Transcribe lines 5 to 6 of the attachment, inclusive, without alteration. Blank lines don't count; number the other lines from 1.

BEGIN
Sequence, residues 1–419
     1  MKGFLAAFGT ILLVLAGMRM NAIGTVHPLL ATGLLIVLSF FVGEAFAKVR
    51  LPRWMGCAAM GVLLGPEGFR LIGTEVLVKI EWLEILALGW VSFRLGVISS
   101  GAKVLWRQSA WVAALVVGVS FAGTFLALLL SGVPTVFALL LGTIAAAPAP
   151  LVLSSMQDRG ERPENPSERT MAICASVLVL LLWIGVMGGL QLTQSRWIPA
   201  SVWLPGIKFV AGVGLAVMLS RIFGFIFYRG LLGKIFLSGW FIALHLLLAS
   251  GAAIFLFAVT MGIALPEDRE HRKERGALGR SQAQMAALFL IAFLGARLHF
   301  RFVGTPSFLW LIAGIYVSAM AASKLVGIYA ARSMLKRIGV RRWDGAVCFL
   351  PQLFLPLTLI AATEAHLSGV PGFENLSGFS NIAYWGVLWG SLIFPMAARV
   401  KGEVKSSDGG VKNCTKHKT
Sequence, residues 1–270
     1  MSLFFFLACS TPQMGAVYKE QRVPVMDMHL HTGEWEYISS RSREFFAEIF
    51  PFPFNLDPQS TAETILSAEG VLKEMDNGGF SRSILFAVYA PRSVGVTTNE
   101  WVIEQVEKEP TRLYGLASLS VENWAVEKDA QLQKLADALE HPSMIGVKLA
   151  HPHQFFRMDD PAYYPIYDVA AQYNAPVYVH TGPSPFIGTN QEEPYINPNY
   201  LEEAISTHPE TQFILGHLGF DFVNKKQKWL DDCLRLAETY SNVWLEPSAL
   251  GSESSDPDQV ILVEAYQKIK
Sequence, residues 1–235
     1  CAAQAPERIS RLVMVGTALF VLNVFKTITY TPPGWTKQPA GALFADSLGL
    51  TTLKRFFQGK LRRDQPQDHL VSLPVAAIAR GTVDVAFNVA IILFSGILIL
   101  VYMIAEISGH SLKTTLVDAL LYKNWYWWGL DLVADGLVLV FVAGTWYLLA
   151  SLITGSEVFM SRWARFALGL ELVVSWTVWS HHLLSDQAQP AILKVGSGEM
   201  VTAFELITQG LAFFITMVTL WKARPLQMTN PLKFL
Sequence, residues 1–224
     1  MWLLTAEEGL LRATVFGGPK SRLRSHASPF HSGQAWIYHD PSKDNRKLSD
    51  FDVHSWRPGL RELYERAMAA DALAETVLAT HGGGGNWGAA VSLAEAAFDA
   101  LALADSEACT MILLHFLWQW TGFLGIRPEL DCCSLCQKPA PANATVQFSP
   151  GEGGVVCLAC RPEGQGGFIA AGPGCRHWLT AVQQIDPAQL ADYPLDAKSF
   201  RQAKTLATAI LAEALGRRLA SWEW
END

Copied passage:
   151  LVLSSMQDRG ERPENPSERT MAICASVLVL LLWIGVMGGL QLTQSRWIPA
   201  SVWLPGIKFV AGVGLAVMLS RIFGFIFYRG LLGKIFLSGW FIALHLLLAS